Illinois Supreme Court Opens Floodgates for Class Action Litigation under State’s Biometric Privacy Law
In recent years, putative class action lawsuits under the Illinois Biometric Information Privacy Act (BIPA) have increased substantially due to the rapid adoption of biometric technology applications by businesses—such as biometric fingerprinting of employees to provide secure building access, biometric scans to authenticate transactions on mobile applications, and biometric time clocks that use fingerprint scanning or facial recognition to track employee time and attendance.
To date, those lawsuits have seen mixed results; a good portion filed in federal court fail due to plaintiff’s inability to establish Article III standing in the absence of any alleged actual injury/harm sustained as a result of the alleged BIPA violation. But in Rosenbach v. Six Flags Entertainment Corp., 2019 IL 123186 (Ill. 2019), the Illinois Supreme Court significantly altered the playing field in terms of BIPA litigation in state courts when it ruled plaintiffs may pursue a claim for damages and injunctive relief for mere technical violations of the BIPA—even where no actual harm/damage is sustained.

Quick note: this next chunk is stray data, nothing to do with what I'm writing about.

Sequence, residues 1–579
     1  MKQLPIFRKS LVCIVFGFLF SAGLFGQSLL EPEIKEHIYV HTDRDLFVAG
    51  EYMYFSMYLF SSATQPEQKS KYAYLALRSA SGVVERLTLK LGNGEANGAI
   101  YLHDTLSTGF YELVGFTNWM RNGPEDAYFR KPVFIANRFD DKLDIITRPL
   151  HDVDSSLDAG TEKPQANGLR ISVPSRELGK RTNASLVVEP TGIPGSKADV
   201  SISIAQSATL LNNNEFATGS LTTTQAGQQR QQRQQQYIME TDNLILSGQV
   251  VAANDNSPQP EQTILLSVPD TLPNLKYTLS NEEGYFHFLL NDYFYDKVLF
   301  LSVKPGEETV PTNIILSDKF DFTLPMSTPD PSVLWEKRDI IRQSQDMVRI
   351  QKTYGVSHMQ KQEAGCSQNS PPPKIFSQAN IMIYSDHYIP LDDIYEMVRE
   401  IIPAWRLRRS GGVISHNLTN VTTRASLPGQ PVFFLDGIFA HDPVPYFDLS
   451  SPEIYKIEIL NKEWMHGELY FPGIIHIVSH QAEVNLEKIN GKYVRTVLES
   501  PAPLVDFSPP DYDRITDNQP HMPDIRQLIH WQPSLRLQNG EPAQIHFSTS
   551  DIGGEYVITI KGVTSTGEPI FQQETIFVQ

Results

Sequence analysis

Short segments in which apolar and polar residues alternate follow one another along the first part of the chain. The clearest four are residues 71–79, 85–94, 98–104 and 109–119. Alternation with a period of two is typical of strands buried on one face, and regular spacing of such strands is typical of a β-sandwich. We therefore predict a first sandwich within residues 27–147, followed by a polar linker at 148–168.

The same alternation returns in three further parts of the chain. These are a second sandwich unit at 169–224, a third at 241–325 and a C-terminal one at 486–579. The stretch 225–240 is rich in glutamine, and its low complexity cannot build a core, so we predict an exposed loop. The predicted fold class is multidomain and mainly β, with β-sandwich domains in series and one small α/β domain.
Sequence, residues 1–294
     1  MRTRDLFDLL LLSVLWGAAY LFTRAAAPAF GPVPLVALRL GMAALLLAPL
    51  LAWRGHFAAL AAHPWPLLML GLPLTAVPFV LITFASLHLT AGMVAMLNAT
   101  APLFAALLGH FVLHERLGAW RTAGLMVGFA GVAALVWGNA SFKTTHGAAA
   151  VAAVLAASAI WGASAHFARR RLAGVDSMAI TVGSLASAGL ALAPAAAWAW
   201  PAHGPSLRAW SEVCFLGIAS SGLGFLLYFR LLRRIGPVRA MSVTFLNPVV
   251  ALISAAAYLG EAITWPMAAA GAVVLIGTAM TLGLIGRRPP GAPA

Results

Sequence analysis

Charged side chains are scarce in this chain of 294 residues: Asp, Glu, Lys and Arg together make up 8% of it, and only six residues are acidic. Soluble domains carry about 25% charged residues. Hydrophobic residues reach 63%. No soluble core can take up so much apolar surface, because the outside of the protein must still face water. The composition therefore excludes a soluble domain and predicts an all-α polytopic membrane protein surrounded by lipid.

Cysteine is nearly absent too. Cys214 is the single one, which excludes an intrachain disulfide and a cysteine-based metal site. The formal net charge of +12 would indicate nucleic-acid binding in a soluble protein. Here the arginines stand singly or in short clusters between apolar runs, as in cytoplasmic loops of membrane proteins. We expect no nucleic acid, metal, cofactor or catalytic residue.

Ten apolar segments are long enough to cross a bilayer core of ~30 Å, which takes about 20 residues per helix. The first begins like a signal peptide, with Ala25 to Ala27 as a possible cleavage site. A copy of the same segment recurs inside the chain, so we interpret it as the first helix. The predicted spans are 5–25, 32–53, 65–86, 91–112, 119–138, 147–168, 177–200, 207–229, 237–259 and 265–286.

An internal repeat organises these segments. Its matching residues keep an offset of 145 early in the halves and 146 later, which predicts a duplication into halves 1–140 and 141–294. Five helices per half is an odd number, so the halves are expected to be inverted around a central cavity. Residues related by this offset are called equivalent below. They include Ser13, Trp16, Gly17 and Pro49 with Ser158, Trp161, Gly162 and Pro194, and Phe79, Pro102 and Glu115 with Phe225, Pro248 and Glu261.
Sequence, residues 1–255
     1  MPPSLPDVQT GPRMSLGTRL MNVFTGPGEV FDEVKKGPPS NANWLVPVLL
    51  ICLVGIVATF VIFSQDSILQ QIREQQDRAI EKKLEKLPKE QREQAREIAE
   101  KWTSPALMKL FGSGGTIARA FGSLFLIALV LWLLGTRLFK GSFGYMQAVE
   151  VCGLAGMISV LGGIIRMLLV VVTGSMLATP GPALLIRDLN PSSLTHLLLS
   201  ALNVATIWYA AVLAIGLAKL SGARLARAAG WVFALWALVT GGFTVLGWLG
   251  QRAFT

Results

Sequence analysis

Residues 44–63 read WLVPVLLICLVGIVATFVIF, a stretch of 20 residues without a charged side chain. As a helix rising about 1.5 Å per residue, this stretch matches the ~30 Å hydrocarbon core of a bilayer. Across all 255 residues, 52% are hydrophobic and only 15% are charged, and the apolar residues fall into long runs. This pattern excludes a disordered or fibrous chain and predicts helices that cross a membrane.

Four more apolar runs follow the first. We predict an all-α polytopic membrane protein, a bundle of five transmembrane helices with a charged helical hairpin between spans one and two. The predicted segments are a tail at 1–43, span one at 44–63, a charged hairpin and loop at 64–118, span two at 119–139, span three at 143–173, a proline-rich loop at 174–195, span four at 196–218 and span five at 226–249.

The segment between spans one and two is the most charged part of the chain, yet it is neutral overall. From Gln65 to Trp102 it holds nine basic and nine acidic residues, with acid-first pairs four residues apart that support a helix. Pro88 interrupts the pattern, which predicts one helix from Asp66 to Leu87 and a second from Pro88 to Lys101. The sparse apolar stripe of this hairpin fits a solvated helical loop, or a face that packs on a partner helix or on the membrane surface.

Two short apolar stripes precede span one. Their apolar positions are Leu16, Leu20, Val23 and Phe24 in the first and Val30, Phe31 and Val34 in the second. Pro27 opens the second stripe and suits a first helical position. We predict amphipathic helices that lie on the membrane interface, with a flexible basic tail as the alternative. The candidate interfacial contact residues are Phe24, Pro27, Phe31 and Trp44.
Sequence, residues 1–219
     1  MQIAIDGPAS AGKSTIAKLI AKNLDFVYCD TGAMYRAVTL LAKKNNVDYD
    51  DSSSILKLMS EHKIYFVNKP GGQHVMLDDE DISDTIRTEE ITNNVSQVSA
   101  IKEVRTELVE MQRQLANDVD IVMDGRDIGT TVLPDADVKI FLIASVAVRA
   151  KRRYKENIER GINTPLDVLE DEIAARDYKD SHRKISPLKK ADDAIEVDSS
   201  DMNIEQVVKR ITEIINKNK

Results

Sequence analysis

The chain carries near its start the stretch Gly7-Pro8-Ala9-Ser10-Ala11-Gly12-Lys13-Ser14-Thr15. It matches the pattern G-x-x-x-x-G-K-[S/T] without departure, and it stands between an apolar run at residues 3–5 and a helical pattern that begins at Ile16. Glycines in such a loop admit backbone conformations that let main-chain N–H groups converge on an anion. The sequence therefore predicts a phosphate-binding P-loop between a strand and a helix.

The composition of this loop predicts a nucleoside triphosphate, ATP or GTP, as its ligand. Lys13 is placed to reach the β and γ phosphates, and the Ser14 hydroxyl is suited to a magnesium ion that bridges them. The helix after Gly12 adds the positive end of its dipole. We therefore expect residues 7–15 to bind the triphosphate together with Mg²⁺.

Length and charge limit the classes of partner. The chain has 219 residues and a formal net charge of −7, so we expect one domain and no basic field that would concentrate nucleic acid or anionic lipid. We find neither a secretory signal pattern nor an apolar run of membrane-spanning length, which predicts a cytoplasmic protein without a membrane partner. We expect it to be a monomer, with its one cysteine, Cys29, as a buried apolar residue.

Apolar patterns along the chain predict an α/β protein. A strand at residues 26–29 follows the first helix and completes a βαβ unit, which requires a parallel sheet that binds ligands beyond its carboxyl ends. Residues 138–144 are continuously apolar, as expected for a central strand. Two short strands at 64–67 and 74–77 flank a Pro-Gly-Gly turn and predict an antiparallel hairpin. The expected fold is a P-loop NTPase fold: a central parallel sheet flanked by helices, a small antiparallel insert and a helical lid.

The opinion is significant for data privacy and class action litigators alike, as it will likely lead to a significant uptick in the number of BIPA class actions in the foreseeable future. So too does it open the door to significant potential exposure for companies utilizing biometric information as part of their business operations, whereby plaintiffs do not need to allege (or establish) actual injury/harm to maintain a cognizable claim pending in state court under Illinois’s BIPA.
To read the full article, please click here.
“Illinois Supreme Court Opens Floodgates for Class Action Litigation under State’s Biometric Privacy Law,” by Ana Tagvoryan, Jeffrey N. Rosenthal, and David J. Oberly was published in Biometric Update on June 7, 2019.